ACM, the Association for Computing Machinery, today named Barbara Simons the recipient of the 2019 ACM Policy Award for long-standing, high-impact leadership as ACM President and founding Chair of ACM’s US Public Policy Committee (USACM), while making influential contributions to improve the reliability of and public confidence in election technology. Over several decades, Simons has advanced technology policy by founding and leading organizations, authoring influential publications, and effecting change through lobbying and public education.
Twenty-six years ago, Barbara Simons founded USACM to address emerging public policy issues around technology, and led the committee for nine years. She worked to build ACM’s policy activities and pioneered bridging the technical expertise of computer scientists with the policymaking of the US government.
Simons recruited an interdisciplinary team for USACM, the forerunner of today’s US Technology Policy Committee (USTPC), ranging from computer scientists and industry leaders to lawyers and experts in public policy. Now part of ACM’s Technology Policy Council (TPC), which serves global regions, the TPC groups have continued Simons’ original vision for ACM: to provide cogent advice and analysis to legislators and policymakers about a wide range of issues including cryptography, computer security, privacy, and intellectual property.
Simons is internationally known as an expert on voting technology, an advocate for auditable paper-based voting systems, and author of numerous papers on secure election technology. Through her publications, reports, testimony to the US Congress, and advocacy, Simons has been a key player in persuading election officials to shift to paper-based voting systems, and has contributed to proposals for reforms in election technologies, including post-election ballot audits. Broken Ballots: Will Your Vote Count?, the 2012 book Simons co-authored with Douglas Jones, is regarded as the best available analysis of the risks of using computing technology in voting.
Simons served as ACM President from 1998 – 2000. In 2001, she served on President Clinton’s Export Council’s Subcommittee on Encryption and the National Workshop on Internet Voting, which conducted one of the first studies of internet voting.
Since 2008, Simons has served as one of two US Senate appointees to the Board of Advisors of the US Election Assistance Commission (EAC), and she was named Chair of the Board of Advisors subcommittee on election security in 2019. She currently also chairs the Board of Directors of Verified Voting, a nonpartisan nonprofit organization that advocates for legislation and regulation that promotes accuracy, transparency and verifiability of elections. She remains active with ACM as a member of the global Technology Policy Council and as Co-chair of USTPC’s Voting subcommittee.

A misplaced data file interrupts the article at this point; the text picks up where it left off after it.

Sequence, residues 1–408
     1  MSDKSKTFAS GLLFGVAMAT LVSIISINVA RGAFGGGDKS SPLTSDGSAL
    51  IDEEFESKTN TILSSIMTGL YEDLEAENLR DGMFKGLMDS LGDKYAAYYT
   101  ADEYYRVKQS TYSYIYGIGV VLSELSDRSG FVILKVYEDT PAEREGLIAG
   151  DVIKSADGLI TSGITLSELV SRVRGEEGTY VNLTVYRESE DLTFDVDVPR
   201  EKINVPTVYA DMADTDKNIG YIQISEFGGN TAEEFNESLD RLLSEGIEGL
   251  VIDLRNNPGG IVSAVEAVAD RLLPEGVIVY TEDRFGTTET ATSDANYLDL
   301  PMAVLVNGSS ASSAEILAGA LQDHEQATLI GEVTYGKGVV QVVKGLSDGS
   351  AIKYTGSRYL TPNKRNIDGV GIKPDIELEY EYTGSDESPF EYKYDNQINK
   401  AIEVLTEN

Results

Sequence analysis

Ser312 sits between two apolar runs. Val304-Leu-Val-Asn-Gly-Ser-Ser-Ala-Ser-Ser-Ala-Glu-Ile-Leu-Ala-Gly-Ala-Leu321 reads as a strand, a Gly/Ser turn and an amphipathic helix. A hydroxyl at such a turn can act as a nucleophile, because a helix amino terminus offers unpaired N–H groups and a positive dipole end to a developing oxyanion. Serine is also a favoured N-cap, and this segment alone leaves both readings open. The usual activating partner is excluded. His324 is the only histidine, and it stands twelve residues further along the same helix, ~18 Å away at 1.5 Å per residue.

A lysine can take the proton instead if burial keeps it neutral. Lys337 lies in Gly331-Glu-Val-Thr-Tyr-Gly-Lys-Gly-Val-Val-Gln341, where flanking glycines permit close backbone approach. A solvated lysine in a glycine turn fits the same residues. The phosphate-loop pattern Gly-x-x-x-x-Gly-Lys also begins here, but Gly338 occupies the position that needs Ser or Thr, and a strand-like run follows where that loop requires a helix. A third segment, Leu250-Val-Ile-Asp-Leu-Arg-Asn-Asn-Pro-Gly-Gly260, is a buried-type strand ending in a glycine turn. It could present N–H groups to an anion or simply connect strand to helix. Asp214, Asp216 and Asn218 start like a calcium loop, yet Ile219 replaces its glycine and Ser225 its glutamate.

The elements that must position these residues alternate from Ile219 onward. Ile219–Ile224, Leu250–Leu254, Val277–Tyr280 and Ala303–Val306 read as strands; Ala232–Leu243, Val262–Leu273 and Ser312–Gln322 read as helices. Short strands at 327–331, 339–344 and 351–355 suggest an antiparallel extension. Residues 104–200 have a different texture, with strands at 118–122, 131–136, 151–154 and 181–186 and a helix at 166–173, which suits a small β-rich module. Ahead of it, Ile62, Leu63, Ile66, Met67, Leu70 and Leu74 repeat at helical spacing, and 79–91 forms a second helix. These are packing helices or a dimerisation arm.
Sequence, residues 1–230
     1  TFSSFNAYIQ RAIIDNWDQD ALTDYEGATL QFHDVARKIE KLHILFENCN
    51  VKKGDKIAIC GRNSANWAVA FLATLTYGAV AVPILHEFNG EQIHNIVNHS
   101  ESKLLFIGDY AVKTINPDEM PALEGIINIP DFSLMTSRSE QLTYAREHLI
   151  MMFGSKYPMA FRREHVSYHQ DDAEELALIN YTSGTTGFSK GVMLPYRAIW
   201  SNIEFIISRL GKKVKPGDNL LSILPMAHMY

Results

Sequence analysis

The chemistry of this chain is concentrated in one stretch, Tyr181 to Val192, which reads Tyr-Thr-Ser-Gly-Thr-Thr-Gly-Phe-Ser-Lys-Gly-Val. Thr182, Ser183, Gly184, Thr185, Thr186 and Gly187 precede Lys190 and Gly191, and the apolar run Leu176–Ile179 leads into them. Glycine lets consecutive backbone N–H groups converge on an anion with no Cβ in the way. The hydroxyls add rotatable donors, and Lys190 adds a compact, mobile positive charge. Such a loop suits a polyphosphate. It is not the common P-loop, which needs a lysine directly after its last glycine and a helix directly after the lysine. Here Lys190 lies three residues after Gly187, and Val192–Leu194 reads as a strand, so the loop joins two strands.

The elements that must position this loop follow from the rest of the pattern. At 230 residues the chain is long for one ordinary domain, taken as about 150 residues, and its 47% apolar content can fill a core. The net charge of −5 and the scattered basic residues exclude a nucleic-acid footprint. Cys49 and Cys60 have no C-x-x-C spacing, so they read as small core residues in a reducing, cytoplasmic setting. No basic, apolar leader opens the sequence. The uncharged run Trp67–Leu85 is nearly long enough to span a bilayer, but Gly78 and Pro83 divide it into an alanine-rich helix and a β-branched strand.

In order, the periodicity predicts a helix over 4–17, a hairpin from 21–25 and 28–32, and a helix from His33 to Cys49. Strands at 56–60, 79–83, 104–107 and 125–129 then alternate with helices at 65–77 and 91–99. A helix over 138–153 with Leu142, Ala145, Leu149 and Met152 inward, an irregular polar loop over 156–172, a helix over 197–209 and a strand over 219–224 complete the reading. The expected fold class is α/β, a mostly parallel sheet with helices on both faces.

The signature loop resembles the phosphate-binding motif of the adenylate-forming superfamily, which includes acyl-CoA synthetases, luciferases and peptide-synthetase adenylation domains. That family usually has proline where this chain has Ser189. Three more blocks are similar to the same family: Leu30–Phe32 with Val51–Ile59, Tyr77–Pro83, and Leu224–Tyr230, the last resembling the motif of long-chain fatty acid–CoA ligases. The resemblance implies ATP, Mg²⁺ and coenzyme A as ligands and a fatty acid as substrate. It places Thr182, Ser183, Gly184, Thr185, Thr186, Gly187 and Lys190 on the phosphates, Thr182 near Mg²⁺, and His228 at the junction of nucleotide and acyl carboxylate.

Simons is the only woman to have received the Distinguished Engineering Alumni Award from the College of Engineering of the University of California, Berkeley, where she earned her PhD in Computer Science. Taking a nontraditional path to her degree after returning to school as a single mother, she was a co-founder of the University of California Computer Science Department Reentry Program for Women and Minorities. She then worked as a computer scientist for IBM’s Research Division for nearly two decades. She is a Fellow of ACM and the American Association for the Advancement of Science. Simons received the Computing Research Association Distinguished Service Award, the Electronic Frontier Foundation Pioneer Award, the ACM Outstanding Contribution Award, and the Computer Professionals for Social Responsibility Norbert Wiener Award.
About the ACM Policy Award
The ACM Policy Award was established in 2014 to recognize an individual or small group that had a significant positive impact on the formation or execution of public policy affecting computing or the computing community. This can be for education, service, or leadership in a technology position; for establishing an innovative program in policy education or advice; for building the community or community resources in technology policy; or other notable policy activity. The award is accompanied by a $10,000 prize.
ACM, the Association for Computing Machinery, is the world’s largest educational and scientific computing society, uniting computing educators, researchers and professionals to inspire dialogue, share resources and address the field’s challenges. ACM strengthens the computing profession’s collective voice through strong leadership, promotion of the highest standards, and recognition of technical excellence. ACM supports the professional growth of its members by providing opportunities for life-long learning, career development, and professional networking.